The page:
2018 will see a number of national celebrations and commemorations to mark the 65th anniversary of Queen Elizabeth’s Coronation.
Since that landmark day in June 1953, several angling clubs have been running and continue to run a commemorative 'Coronation' fishing competition to mark this auspicious occasion. Bromley and District Angling Society still compete for the 'Coronation Cup' as will the St Ives Fish Preservation and Angling Society who are fishing their 'Coronation Cup' match on 24 June.
Among their historical trophies Farnham Angling Society has a 'Coronation Cup' the origins are unknown to the club. It's easy to imagine that many angling clubs and associations are in the same position where historical details for the 'Coronation' matches have been lost in the mists of time. One club who do have records of a coronation match for a previous era are Blenheim Angling Society who held a match in 1902 to celebrate Edward VII accession to the throne in 1902.
Marking the official ceremony and coronation 65 years ago the National Federation of Anglers organised the 'All-England Coronation Angling Contest' on Saturday 20 June 20 1953 at Welbeck Abbey Lakes, Worksop.
This would have been the first weekend following the end of the close season, which ran from 16 June to 14 March inclusive. So it would have been the earliest possible date in the match calendar to the 2 June coronation date.
The fishery, comprising four lakes, was one of the finest still water fisheries in the Midlands and fishing matches 'open to All England' were fished regularly but nothing on such a grand scale as the 'Coronation Angling Contest'. Thanks to the hard preparatory work of Major Turner, the Estates Agent, and George Peacock of Worksop and District Amalgamated Society the fishery was thought to be in fine form for this angling spectacular.
A special commemorative program for the event captured this period exactly and encapsulates the magical post war era of great angling matches. The ephemeral 44-page soft cover booklet records information about the contest organizers and stewards, the list of prize trophies, plus facts and photos about the lakes themselves but most important of all is the team by team list of top flight anglers from the post war era.
The Worksop side should have been firm favorites. But who were the other possible title contenders? The giant 26,000 member Birmingham Anglers Association, fresh from their triumph in the 1951 Festival of Britain match on the River Thames where they clinched the top team prize and had the individual winner in Ralph Kay were in with a shout.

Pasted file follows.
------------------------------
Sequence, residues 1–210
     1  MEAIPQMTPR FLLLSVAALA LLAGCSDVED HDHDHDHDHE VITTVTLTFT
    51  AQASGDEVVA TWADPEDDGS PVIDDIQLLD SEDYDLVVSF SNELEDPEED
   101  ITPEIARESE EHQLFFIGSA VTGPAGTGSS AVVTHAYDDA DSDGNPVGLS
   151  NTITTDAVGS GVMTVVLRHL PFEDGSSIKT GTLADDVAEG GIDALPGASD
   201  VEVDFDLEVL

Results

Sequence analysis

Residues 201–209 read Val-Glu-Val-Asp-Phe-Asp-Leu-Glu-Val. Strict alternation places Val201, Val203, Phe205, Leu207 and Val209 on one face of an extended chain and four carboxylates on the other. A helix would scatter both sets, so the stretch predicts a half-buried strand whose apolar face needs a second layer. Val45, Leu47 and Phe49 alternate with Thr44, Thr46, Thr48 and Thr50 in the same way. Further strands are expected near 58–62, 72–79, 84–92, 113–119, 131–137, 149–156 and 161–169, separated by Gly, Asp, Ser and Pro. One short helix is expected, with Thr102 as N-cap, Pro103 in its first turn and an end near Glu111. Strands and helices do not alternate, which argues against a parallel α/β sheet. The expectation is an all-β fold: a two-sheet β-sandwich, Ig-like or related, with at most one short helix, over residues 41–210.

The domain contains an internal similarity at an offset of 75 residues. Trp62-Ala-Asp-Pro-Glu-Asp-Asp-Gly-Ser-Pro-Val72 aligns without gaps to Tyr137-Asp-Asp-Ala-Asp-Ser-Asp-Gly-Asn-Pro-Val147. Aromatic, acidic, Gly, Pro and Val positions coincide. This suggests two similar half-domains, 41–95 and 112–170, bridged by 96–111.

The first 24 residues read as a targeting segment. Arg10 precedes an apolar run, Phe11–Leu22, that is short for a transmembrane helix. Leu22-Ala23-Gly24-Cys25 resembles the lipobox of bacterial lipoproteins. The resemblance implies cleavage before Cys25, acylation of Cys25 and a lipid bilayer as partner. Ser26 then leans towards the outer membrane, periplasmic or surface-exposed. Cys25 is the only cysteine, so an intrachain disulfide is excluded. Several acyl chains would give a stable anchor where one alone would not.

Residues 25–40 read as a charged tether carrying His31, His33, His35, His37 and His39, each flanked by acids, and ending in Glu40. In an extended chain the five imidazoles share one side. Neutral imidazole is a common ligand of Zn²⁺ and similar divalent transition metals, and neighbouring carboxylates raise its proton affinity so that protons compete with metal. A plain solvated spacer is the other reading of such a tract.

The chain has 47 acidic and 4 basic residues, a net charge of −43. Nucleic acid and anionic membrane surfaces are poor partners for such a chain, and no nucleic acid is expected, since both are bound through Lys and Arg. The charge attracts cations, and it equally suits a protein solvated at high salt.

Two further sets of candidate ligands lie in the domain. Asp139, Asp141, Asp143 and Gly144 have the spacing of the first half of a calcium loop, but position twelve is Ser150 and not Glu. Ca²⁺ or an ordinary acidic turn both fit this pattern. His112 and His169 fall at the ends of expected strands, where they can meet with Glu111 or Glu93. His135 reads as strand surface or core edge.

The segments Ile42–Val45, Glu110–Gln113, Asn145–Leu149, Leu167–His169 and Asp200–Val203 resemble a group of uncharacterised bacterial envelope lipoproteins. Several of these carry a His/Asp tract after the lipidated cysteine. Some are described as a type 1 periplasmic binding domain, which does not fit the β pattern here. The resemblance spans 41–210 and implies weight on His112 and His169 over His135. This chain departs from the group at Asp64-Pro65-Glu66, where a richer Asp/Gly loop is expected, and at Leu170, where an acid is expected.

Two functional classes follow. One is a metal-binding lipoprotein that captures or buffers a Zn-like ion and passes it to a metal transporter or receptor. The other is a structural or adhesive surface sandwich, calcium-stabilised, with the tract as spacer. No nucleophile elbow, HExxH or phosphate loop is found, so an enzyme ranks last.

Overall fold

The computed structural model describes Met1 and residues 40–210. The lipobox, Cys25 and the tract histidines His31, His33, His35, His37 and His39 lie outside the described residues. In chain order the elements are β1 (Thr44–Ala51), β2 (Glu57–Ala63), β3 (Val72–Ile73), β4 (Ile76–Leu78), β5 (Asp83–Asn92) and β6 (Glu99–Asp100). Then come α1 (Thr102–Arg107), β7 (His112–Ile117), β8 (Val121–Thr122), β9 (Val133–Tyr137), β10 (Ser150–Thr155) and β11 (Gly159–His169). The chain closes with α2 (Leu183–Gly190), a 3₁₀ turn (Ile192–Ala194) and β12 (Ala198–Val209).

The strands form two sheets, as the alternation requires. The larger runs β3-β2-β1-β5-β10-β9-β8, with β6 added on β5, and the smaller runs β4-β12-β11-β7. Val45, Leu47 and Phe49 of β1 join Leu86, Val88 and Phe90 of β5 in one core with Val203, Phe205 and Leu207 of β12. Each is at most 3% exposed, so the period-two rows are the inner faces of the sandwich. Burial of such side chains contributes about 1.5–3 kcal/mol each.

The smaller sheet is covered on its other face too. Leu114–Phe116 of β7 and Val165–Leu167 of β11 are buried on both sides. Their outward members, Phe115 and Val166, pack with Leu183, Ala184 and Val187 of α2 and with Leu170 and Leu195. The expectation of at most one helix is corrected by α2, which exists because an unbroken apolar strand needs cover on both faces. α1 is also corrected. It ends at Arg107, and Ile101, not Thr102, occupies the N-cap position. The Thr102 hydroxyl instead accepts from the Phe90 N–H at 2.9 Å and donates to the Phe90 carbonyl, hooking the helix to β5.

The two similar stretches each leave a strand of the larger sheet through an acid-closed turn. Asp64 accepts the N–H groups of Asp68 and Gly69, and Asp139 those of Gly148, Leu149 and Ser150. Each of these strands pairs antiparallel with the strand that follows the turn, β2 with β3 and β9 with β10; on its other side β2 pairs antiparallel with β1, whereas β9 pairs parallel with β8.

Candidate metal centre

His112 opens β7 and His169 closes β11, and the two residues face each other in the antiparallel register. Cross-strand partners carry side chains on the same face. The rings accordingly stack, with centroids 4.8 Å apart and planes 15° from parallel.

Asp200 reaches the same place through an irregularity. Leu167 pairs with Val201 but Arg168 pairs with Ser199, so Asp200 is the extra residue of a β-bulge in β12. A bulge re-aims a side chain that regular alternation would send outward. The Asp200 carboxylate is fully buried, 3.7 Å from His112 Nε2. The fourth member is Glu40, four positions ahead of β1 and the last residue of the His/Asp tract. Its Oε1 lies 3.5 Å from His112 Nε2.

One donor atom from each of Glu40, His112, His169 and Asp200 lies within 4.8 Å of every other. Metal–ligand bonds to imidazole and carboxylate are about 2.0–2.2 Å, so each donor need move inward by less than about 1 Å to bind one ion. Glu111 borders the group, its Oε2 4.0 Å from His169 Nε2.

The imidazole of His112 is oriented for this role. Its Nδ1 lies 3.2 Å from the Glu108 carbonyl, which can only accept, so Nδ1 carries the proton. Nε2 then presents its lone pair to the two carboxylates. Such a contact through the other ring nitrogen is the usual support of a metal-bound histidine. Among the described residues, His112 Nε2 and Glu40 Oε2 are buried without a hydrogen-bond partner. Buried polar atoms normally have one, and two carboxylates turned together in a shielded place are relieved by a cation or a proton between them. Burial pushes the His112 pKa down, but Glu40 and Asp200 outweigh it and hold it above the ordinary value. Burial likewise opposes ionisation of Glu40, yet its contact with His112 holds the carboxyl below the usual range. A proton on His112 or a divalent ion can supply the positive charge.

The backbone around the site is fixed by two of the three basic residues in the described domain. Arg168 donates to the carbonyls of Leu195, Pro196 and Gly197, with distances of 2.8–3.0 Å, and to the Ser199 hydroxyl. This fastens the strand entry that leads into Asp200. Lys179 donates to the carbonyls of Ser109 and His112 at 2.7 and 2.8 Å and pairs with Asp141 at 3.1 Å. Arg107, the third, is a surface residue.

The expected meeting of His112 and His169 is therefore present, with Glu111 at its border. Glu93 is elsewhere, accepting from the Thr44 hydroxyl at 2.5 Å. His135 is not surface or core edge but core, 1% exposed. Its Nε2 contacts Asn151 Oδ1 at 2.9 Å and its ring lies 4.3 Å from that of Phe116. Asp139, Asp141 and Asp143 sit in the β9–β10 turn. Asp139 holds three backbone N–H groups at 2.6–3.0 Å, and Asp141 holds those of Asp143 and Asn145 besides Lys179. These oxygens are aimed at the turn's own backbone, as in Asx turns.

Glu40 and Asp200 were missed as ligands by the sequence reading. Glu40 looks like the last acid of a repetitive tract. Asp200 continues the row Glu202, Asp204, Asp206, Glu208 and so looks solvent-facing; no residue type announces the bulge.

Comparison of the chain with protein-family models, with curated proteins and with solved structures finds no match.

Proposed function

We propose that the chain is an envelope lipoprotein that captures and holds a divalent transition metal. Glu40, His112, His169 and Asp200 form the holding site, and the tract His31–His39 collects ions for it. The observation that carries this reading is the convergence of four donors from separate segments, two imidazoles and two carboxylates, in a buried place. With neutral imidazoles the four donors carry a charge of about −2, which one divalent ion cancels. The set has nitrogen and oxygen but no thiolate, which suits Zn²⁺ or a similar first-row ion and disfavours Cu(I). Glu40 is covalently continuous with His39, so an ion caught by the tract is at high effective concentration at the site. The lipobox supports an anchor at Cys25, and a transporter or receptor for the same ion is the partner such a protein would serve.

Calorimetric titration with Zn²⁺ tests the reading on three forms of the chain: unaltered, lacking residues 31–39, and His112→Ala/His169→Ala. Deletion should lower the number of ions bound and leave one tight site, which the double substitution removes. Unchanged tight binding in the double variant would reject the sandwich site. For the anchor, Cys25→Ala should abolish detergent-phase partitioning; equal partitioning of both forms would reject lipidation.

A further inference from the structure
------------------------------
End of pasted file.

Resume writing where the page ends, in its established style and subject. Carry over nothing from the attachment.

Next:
Missing from the two strong Coventry sides was Billy Lane 'Junior', who became our first World Angling Champion in 1963, but they still fielded the celebrated Harry Wills plus the famous Webb brothers, Rex and their team captain Norman.
Derby AA was represented by the match ace John R Cope, author of 'Mainly for Match Fishermen' (winner of five Trentman badges plus a Trentman shield) and Fred Simcox who finished third and second in the National Angling Championships in 1946 and 1950 respectively.
The ever-dominant Leeds team, seven times team winners of the single match National Angling Championship from 1906 to 1971, featured Kenny Kendall. Later that year he took top weight for England in the first European Angling Championships. The team also included Freddie Friend, Henry Pollard and Horace Seed (1952 National Champion on the River Severn).
Now 1953 was also the first year of that new angling publication, the Angling Times, and they showed a marked change in attitude towards the reporting of coarse fishing matches. Under the astute direction of Bernard Venables, the late angling correspondent of the Daily Mirror, and co founder Howard Marshall, the infant Angling Times gave it their best shot with a two-page feature spread of snippets and photographs from the Coronation match. To quote their own write up: "For the first time ever an important angling match has been fully covered in pictures by a national newspaper."
Howard Marshall, the celebrated premier BBC radio commentator, described the 1937 Coronation from inside Westminster Abbey and once again for our present Queen in 1953. He had already achieved 'radio' fame as a pioneering outside broadcast commentator mainly on cricket Test matches and other sporting events. Immediately after the 1944 D-Day landings Howard made an inspiring broadcast from a Normandy beach head. Sales of televisions rocketed as the British public clamored to see the Queen’s coronation as it happened – in black and white. More than 27 million viewers watched in awe at the pomp and circumstance leaving 11 million to listen in on the radio and wonder what they were missing.
At 9.00 am the teams of 12, totaling 936 anglers plus masses of spectators, assembled for the draw on the lawn directly in front of the Abbey. The lakes were spread around the huge estate.